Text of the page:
The answer to freeing up more housing spots is not booting 'undeserving' people (that in itself is subjective). We need to address why rent is so high i.e buying is becoming unobtainable now, so there is huge demand for rental and landlords see dollar signs.
Personally I would like to see a formula for rent, like a ceiling price, monitored by a body. Based on the suburb, number of bedrooms, size of yard etc etc. LL's then couldn't charge obscene prices. I also think the first home owners should be increased to make buying easier.
These measures would help to ensure people could afford and get access to private rental and move on from public housing so others can take their place.
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10-07-2011 20:36 #111
10-07-2011 20:37 #112-
- Join Date
- Mar 2008
- The 'Gong, NSW
I'm not too sure, but I think that in NSW they've phased out the 'handing down' of houses.
My mum is in a DOH house, as is my uncle. Market rent for a 2 b/r unit is about $285 a week, give or take, and when you have 50 applicants for each, Throw into the mix the fact that many of these places only offer 3 or 6 month leases and there is no wonder that those who get into public houses don't want to get out...
10-07-2011 20:39 #113Senior Member
- Join Date
- Nov 2008
I am sorry for the hardships you have gone through..but
to compare your life and situation to mine ..is ..well rather pointless ..
I am not meaning to look down at others..just giving my opinion/view
Black and white...shades of grey ..to me CAN mean a wonderful way of making excuses for things
Of course you don't always get what you want!!!!!!!!!!!!!
I have no issue with people needing housing..but I do have a problem with it being handed down to generation after generation...just like welfare ...
10-07-2011 20:56 #114
I have no idea how old you are, or if you think I am silly, Your posts remind me of how i used to think when i was 19.
You may think its rather pointless but fact is you dont know that your life wil always be how it is, sh*t happens it may happen to you one day to.
I dont need or want for you to be sorry for my hardships theyare not hard ships they are things that pop up in life that have made me look at the world differntly made me grow up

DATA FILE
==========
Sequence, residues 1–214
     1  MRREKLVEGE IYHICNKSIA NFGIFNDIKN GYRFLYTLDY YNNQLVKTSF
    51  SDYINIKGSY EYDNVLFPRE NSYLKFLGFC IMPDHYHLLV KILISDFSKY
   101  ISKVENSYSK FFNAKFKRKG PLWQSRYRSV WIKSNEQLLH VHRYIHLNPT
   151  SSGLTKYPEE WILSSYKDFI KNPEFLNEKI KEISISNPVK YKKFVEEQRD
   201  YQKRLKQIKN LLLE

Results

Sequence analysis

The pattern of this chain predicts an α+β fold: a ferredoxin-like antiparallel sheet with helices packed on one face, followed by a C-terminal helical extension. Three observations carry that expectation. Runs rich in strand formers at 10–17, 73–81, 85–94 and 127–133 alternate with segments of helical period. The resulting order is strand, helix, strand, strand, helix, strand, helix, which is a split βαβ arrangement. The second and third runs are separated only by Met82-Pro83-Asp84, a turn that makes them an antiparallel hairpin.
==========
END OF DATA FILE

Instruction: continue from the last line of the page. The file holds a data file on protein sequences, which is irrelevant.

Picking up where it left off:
10-07-2011 21:10 #115
Just to put it out there to all these people who seem to think landlords are these rich property barons who charge ridiculous amounts of rent to torture people the average landlords are mums and dads like me who work their butts off to try and secure an investment for their families future, we own a $550,000 rental house about 20km outside Sydney CBD it rents for $600 per week, 3 bedroom clad home with garage, average block, updated kitchen and bathroom walk to station, we borrowed 80% and pay approx $700 a week for the mortgage plus rates, insurance, land tax and maintenance , one of the reasons there is a lack of rental properties is quite frankly most people can't afford to buy them when you work out all the costs involved, and yes we have to be fussy with tenants because if they don't pay their rent on time we would be screwed! if the government made it easier to invest buy lowering stamp duty and tax benefits then more investors would come back to property and there would be more supply and less demand
10-07-2011 21:25 #116
Yes, I agree, and I did say it's become unobtainable to buy, thus why demand for renting has gone thru the roof. But not all LL's have a mortgage, ours owns the property outright. At the end the LL has a house that has increased in value from 600k to 1m and that's a huge asset. People wouldn't rent out if there weren't advantages.
I can totally understand you wanting to ensure the tenants have the wages to pay the rent. Hell, I would too. But to me, it shouldn't matter if the tenant is a single mum, partnered, with children, no children, 18, 35 or 60. If they can pay the rent then they can pay... and I'm not saying for a moment you descriminate, but I do say lots do, and that is the crux of the argument here - many 'stigmatised' groups can't access private so stay in public housing thru necessity. My reasoning is that we need to address the private market in order to free up dept housing.